Composing Portraits

In all honesty, I don't know a whole lot about composing portraits. People are infinitely complex, and there are probably an infinite number of ways one can capture the endless expanse of form, color, emotion, etc. that humanity exudes. I think the mathematics of subtraction are critical to portraiture from a compositional standpoint. I think light and perspective also play a critical role. Beyond that, hopefully someone else who has more experience with portraits can offer much better insight than I can.

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Great answer, but I don't want to see people conflating "composing in camera" with "rigidly composing everything to a 2:3 aspect ratio". Shooting to a square, 4x5, etc. or a circle/oval final image is an equally valid compositional decision. The point is to imagine (previsualise) the final image first and shoot for that image whenever you can rather than taking grand panoramas of everything and making the decisions later. For a best-case circle, you're throwing away 48% of the pixels/negative already in a 2:3 format -- there is no sense making it worse than you have to. –  user2719 Dec 22 '11 at 21:57
    
+1 Thank you for this detailed answer –  akram Dec 22 '11 at 22:49
    
Excellent point, @Stan. I've updated to reflect. –  jrista Dec 23 '11 at 1:37
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Great edit. And kudos on the "I dunno" for portraiture. Apart from amputation, there really aren't any rules for people. Look at the Karsh images of Winston Churchill in the oak-panelled Parliament Building, Ernest Hemmingway in the "armour" turtleneck, Pablo Casals with his back to us, tiny in a stone "studio", or the slightly dissipated-looking Anna Magnani. All masterful portraits (that is to say they portray rather than merely resemble the sitter) with nothing in common but the photographer. I used to do a lot of formulaic "book" photos for people, and none of them was a portrait. –  user2719 Dec 23 '11 at 2:35
    
@StanRogers: Thanks for that little insight into portraiture. I don't think it could be put more succinctly than that portraits should portray who the subject is! –  jrista Dec 23 '11 at 3:49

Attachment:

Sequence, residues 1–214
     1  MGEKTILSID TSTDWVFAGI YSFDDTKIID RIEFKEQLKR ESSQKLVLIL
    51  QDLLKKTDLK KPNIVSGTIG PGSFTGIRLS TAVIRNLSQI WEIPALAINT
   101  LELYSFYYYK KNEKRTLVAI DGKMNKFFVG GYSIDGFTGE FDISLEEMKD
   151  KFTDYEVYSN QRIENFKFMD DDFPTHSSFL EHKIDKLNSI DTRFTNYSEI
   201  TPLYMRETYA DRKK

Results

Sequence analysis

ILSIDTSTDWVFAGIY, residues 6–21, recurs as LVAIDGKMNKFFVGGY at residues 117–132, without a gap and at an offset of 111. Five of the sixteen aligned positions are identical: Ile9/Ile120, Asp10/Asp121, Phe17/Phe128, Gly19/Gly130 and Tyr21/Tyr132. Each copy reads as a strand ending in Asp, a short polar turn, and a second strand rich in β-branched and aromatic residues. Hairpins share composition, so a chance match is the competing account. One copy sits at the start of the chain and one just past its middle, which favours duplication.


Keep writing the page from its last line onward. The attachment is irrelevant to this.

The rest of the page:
Firstly, why not take a series of shots. A wide shot to set the scene/context, and then detail shots of things that are interesting. I think the detail shots tend to be more interesting anyway. You can even include enough out of focus background that helps show the context without being very distracting and do away with the wide shot entirely.

As for cropping, I think it's best to do most of the "cropping" when you take the picture. It's the only way to know you have an interesting composition at the time you take the photo. Taking wide shots and then hoping you'll find something interesting within them later is I think a bit gamble.

Once you've composed your shot, you can then widen the view a bit to include a bit of "safety" around the edges to make sure you haven't cut something off and leave room for slight cropping adjustments in post processing.

You say you want to transfer the feelings to other people. Ask yourself what feelings are they? If a wide angle shot doesn't capture that feeling, then don't take it. Or take it quickly, then concentrate on what drew you to the subject in the first place

Here are two details shots I took recently. In both, the subject isn't really the building itself, but lines, patterns, reflections, shapes. If I'd included the whole building, that would have defeated the purpose of the shot as these nice lines and patterns would have been lost or minimized at least.

enter image description here

enter image description here

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+1 Do note, though, that neither of MikeW's samples is at a 2:3 ratio -- they are both cropped from the full frame. Cropping is part of composition, but you want to make sure that you're keeping a lot more than you're throwing whenever you have a choice. If you can previsualise the crop before you shoot, you'll end up with a much higher-quality photo. Two "L" shapes pieces of cardboard/mat board (or your thumbs and index fingers at 90 degrees) can help you frame things before you shoot. –  user2719 Dec 22 '11 at 19:53
    
Good eye! Yes, I left a bit of room, and also corrected the perspective in the first one. –  MikeW Dec 22 '11 at 21:36